Recruitment Campaign Asks Nurses to Say ’Ahhhhh’

Kandace McLaughlin, HealthLeaders Media, August 27, 2008

Click to view larger version.Unlike many recruitment campaigns that aim to fill a defined number of openings, Jefferson Regional Medical Center's (JRMC) nurse recruitment campaign focused on general outreach.

JRMC, located in Pittsburgh, decided to take an approach to the national nursing shortage problem that was different from all the other hospitals competing to fill positions. Using common nursing phrases, the JRMC ads invite nurses to breathe a sigh of relief—because they've finally found a facility that recognizes their needs.

"Basically what we wanted to do was come up with a recruitment plan that was fun, fresh, and something a little more non-traditional in terms of healthcare recruitment," says Renee Holtzman, manager of HR services for JRMC. "We wanted to brand our recruitment efforts and get recognition so [potential hires] could see the name and recognize it."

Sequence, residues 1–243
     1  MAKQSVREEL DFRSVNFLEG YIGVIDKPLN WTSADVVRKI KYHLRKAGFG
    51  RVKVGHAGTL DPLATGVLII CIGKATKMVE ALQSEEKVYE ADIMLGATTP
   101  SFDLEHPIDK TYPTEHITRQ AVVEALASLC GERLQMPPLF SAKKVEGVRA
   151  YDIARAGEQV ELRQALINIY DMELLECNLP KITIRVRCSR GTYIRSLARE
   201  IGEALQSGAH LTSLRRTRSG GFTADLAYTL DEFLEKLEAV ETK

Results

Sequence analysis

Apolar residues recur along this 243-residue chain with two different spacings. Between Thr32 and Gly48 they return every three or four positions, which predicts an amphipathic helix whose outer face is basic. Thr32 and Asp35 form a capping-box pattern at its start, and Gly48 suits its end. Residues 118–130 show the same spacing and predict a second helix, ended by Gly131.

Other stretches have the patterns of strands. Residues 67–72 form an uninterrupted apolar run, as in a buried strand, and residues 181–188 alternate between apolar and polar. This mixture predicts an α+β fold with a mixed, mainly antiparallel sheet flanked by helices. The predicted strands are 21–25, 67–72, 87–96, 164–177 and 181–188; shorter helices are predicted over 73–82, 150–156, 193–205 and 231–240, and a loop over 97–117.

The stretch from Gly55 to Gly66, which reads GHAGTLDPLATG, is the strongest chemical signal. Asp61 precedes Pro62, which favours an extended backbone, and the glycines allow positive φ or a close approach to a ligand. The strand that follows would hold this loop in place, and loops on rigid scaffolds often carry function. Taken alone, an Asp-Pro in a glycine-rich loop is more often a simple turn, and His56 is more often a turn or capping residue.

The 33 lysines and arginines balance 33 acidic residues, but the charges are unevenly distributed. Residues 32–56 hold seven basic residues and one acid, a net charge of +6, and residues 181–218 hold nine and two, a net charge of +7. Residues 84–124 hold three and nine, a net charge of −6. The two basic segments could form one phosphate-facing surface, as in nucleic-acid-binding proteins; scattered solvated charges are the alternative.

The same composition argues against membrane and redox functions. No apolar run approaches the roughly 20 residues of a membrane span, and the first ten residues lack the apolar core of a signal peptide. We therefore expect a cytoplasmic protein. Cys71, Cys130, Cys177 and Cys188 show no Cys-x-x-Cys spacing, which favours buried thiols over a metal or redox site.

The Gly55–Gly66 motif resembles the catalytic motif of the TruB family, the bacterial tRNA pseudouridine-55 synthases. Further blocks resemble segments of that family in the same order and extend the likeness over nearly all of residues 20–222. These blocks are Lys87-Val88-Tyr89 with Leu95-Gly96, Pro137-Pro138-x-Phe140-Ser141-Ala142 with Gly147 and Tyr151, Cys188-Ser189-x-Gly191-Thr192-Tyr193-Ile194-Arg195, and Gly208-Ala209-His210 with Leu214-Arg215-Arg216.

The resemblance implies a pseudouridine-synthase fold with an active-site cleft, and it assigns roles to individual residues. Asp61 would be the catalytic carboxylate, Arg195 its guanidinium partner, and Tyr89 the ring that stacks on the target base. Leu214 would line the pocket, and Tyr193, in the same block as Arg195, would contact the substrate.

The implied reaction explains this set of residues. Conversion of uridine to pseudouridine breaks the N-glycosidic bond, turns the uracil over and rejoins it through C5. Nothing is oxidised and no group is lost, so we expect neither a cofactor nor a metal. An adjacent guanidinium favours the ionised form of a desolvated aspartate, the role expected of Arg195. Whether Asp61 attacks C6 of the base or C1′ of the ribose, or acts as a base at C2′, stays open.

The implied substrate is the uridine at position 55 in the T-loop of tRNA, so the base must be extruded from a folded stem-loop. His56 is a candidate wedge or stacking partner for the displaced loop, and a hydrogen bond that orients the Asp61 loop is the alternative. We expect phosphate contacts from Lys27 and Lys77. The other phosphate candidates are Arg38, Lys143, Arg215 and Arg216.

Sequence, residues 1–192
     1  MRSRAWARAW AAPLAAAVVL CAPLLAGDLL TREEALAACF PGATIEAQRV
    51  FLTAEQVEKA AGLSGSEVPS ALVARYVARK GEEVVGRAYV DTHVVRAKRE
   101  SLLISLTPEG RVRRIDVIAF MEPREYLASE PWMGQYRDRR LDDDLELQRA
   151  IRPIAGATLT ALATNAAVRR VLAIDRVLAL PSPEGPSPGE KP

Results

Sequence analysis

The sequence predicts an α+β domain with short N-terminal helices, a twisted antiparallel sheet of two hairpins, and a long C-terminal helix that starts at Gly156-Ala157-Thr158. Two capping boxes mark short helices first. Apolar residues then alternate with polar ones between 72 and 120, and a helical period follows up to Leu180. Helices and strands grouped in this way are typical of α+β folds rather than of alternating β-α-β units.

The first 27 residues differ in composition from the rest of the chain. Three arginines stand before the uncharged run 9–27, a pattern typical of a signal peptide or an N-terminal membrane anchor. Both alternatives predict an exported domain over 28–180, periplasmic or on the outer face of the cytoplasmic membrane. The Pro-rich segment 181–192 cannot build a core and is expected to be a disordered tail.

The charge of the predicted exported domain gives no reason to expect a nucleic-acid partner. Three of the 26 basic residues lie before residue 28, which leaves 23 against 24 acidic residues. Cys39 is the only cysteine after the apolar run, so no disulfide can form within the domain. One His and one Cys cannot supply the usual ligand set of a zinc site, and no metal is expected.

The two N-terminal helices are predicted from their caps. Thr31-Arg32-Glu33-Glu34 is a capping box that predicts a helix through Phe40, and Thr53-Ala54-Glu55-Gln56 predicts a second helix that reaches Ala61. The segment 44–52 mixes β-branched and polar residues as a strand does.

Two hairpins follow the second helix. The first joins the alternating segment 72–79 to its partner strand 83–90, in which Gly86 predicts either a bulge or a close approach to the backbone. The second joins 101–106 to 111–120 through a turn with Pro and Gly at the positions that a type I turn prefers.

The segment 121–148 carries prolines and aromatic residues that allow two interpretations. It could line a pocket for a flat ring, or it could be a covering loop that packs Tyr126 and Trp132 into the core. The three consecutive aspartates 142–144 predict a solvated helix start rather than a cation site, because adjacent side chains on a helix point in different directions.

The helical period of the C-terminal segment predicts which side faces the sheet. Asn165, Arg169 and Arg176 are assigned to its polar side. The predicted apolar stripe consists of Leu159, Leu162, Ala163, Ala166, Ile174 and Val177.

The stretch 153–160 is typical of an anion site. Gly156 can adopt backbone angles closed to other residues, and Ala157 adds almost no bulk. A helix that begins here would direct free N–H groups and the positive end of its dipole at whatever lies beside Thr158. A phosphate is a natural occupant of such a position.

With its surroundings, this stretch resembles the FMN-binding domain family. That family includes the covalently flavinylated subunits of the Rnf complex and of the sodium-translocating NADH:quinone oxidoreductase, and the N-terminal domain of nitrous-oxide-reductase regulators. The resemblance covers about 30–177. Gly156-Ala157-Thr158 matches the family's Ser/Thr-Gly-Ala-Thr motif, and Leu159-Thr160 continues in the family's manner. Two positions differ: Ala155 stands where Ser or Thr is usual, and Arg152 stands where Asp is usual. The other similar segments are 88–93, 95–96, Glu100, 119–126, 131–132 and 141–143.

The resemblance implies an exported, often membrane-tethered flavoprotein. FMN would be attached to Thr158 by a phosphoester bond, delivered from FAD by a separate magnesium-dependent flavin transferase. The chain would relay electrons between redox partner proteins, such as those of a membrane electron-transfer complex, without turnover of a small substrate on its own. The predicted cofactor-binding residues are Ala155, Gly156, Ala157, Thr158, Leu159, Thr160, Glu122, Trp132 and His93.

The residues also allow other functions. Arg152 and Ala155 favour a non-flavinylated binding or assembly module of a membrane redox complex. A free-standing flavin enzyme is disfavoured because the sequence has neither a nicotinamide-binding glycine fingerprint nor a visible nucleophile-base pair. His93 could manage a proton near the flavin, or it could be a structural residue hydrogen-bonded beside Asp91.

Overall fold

JRMC met with the Elisco Advertising team (also located in Pittsburgh) to identify key elements and to develop a full marketing communications plan. They started by asking why nurses would want to work for JRMC. Benefits included the facility's location, its plans for growth, and the fact that it's an independent community facility.

The team decided on a full-scale campaign that included print, billboards, and ads on the side of buses. The concepts behind the creative were simple imagery and clear, concise information on JRMC's benefits communicated in a way that played off of the types of things nurses might say in a given day. For example, the phrase "Say Ahhhhh," was used on the image of a tongue depressor. The copy below reads, "You've just found a better place to work."

"Basically we are presenting the programs and [attributes] we already have in place, but we are communicating them in a better and different way with this campaign," says Holtzman. "Elisco really took the things that nurses say on a daily basis to patients and turned them back on them, as a way to let them know that we, as an employer, would care for them as an employee and that they for once would be on the other receiving end of the care and attention. The ad copy presented us with the opportunity to give back to the nurses for being the caregivers they are."

Kandace McLaughlin is an editor with HealthLeaders magazine. Send her Campaign Spotlight ideas at If you are a marketer submitting a campaign on behalf of your facility or client, please ensure you have permission before doing so.
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